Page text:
The minimum wage in Ukraine has been subject to regular and substantial increases in recent years. As of the start of 2021, the rate is 6000 hryvnias per month (approximately £155; $215; €180), but this is due to rise to UAH 6500 (approx. £170; $235; €195) on 1 December 2021 - more than four times the minimum wage rate of 2016. Paying bonuses to employees in Ukraine is commonplace and there are no restrictions on doing so within the private sector.
Notice periods are two weeks when an employee terminates their permanent employment. When an employer dismisses an employee for financial or restructuring reasons, the notice period is two months. Most probation periods are three months, and the notice period if an employee fails to pass their probation is three days. Notice periods can be waived in their entirety if employee and employer are parting ways by mutual agreement.
Severance pay is usually one month’s salary, but extends to three months if an employee is leaving due to the employer breaking the contract or Ukrainian labor laws.
Tax and Social Security
Income tax in Ukraine is levied at a flat rate of 18%, plus a ‘military tax’ of 1.5%. Non-residents working in Ukraine are taxed at the same rate, but only on income from their work in the country.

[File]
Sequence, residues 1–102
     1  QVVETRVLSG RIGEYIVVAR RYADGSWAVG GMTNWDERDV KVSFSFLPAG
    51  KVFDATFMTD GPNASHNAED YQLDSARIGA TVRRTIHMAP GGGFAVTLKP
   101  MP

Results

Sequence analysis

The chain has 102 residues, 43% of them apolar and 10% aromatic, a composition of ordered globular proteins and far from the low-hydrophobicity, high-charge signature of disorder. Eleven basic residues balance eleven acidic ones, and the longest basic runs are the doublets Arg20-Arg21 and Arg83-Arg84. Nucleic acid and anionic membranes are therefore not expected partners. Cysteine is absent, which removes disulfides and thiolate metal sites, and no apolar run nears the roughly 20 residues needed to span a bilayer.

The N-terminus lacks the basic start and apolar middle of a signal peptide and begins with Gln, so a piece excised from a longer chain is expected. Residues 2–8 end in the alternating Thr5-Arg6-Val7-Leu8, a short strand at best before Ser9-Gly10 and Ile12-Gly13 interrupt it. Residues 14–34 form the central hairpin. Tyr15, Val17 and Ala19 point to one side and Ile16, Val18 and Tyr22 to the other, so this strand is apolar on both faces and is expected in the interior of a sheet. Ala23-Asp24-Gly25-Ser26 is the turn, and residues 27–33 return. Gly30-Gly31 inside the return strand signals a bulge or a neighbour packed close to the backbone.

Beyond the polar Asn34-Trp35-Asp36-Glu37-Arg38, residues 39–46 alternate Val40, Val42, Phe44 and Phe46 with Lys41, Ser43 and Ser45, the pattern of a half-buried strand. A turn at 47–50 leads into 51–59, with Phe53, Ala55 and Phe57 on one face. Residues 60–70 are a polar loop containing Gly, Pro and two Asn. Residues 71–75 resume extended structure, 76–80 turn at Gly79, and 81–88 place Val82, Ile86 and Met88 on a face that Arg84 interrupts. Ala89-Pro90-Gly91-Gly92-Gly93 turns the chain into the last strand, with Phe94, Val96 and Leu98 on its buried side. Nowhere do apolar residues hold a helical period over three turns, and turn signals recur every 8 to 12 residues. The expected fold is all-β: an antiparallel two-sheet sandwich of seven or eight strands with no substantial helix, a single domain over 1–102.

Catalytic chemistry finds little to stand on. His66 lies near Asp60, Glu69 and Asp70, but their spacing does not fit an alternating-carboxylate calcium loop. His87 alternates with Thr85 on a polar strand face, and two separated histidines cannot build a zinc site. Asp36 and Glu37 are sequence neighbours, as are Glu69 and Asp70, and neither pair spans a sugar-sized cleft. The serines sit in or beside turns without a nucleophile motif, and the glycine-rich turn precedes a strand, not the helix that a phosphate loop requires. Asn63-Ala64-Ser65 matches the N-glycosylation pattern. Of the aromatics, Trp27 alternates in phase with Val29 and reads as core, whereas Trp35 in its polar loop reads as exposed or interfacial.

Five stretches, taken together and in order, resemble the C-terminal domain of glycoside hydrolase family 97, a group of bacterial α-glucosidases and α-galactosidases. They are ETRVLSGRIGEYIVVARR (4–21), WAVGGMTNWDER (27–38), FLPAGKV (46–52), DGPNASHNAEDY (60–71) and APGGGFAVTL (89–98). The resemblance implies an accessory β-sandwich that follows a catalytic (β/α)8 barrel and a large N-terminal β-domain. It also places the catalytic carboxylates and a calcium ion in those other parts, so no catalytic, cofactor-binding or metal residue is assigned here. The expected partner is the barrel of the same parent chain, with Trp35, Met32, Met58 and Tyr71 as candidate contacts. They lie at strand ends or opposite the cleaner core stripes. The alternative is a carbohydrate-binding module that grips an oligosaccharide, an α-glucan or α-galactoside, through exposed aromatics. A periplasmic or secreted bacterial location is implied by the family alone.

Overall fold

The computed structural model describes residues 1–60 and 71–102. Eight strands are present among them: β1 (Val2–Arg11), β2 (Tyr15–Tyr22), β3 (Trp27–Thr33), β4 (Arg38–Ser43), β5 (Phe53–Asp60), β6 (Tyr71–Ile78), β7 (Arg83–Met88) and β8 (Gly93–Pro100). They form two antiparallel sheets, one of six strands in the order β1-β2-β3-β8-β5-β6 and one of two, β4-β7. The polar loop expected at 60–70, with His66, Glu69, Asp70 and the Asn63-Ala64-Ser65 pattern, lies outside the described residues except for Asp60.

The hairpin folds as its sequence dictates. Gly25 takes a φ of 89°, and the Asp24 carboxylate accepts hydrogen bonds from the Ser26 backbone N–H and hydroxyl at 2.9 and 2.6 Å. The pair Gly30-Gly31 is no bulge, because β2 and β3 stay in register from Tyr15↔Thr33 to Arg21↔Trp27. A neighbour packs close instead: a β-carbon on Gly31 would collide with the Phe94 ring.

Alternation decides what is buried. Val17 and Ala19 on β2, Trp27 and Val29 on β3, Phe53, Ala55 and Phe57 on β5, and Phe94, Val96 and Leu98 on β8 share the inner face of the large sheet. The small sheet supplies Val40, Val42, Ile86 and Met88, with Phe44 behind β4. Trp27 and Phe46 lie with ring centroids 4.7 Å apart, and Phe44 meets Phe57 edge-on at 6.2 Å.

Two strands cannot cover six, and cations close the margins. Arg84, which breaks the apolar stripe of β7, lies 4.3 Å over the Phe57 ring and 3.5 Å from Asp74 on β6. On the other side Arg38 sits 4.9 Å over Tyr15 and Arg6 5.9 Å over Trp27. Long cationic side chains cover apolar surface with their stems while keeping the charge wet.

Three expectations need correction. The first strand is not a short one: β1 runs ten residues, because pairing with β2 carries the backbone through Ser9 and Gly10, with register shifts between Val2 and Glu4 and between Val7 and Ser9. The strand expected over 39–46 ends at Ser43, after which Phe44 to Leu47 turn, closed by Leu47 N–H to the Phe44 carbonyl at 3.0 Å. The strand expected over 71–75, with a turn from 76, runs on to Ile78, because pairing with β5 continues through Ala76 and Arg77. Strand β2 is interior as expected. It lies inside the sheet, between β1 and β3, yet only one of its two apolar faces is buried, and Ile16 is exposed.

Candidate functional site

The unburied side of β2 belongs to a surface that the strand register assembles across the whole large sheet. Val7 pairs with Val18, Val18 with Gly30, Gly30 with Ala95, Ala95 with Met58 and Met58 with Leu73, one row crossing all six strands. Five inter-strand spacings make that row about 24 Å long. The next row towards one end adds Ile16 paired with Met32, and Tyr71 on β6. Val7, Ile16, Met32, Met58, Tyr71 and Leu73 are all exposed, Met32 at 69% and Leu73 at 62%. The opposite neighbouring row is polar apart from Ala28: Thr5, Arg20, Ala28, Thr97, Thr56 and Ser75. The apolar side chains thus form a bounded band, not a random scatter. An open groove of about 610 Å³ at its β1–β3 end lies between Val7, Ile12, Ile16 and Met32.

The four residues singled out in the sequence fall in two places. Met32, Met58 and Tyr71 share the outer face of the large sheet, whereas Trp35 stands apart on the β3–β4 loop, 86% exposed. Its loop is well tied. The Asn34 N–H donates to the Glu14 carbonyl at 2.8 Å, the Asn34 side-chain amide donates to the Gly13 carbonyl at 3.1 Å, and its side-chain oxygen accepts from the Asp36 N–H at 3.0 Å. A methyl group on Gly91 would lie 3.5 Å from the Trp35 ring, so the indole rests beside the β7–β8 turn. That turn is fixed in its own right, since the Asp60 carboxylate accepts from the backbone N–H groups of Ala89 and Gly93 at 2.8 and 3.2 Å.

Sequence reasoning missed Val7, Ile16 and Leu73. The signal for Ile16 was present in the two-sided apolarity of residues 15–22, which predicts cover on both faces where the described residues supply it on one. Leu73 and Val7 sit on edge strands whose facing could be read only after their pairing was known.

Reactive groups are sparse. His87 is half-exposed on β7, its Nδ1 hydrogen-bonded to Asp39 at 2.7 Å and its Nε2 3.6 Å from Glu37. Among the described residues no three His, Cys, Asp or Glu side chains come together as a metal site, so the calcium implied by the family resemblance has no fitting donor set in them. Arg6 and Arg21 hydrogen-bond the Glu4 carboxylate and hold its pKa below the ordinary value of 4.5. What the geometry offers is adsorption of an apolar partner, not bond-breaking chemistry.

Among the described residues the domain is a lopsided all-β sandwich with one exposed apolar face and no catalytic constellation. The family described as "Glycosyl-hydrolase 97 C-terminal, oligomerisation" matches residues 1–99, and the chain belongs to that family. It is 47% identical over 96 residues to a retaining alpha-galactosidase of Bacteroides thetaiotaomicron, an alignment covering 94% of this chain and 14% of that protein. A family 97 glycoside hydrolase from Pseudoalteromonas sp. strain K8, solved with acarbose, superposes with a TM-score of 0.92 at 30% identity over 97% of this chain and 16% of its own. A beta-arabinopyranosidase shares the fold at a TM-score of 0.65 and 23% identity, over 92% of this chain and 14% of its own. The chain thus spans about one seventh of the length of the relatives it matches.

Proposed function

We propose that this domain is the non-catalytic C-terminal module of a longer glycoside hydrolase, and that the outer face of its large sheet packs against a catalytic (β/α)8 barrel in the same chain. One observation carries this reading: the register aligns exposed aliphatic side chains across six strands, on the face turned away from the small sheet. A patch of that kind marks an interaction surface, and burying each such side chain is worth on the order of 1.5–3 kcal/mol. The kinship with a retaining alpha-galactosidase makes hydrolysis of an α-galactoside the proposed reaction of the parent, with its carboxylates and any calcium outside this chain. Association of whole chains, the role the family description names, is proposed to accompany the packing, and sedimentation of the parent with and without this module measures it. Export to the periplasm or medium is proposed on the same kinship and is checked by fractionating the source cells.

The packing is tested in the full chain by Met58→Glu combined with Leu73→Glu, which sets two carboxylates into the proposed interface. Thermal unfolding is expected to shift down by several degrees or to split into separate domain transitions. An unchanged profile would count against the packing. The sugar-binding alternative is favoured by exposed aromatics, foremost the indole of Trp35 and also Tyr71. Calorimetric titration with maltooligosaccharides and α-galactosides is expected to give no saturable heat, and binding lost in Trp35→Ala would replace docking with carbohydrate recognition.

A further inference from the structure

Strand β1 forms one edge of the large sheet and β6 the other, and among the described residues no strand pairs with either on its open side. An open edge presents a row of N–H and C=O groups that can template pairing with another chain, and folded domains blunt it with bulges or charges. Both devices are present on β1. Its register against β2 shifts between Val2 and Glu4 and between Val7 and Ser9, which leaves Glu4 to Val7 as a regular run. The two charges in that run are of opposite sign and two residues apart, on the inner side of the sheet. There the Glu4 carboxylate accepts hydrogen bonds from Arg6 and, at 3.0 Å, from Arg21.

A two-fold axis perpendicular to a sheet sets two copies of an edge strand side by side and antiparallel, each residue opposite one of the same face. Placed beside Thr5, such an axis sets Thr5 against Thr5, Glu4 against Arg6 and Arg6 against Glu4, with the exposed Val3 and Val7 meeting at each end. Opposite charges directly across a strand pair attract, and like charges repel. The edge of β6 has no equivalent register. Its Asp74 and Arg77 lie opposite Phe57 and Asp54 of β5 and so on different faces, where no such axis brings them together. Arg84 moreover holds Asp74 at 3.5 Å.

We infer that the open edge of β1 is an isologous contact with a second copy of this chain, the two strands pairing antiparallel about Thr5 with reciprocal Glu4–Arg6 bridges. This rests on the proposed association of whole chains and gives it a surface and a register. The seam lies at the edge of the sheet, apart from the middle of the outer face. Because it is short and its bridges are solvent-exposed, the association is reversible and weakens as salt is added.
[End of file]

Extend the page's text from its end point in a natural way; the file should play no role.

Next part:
Corporation tax is also 18%. VAT runs at 20%, but the exporting of goods out of the Ukraine is exempt. Certain other goods and services are also given a reduction in the VAT rate to 7%. Employers should note that the tax reporting year follows the financial year, and that corporation tax returns for each quarter should be made within 40 calendar days of the end of that quarter (60 days for the last quarter of the year).
Social security contribution is 22% and is paid by the employer, while the employee pays 0.6% into a state fund for unemployment benefit.
Holidays and Leave
The minimum entitlement for paid leave in Ukraine is 24 calendar days, with higher rates for employees who are disabled or are under the age of 18. Employees are also paid for time off over the 11 days of public holidays each year.
Maternity leave entitlement is 18 weeks (20 weeks for multiple births) and the mother’s full salary is covered by the Social Security Fund of Ukraine. Paternity leave entitlement is two weeks, unpaid, and can be taken at any time during the mother’s maternity leave.
Sick leave for medically certified illness or injury is paid by the employer at full salary for the first five days of absence, after which the Social Security Fund of Ukraine pays between 50% and 100% of salary to the employee, depending on their length of service.
Doing business and running payroll in Ukraine can be challenging for a variety of reasons. As well as its economic and geopolitical turbulence, businesses are subject to complex, bureaucratic and frequently changing rules and regulations. To stay on top of everything and be able to focus on your core business, it’s imperative to team up with a global payroll provider who can make sense of what you need to do to achieve and maintain compliance.
This article is for informational purposes only and not intended to convey or constitute legal or any other advice. It is not a substitute for advice from a qualified professional.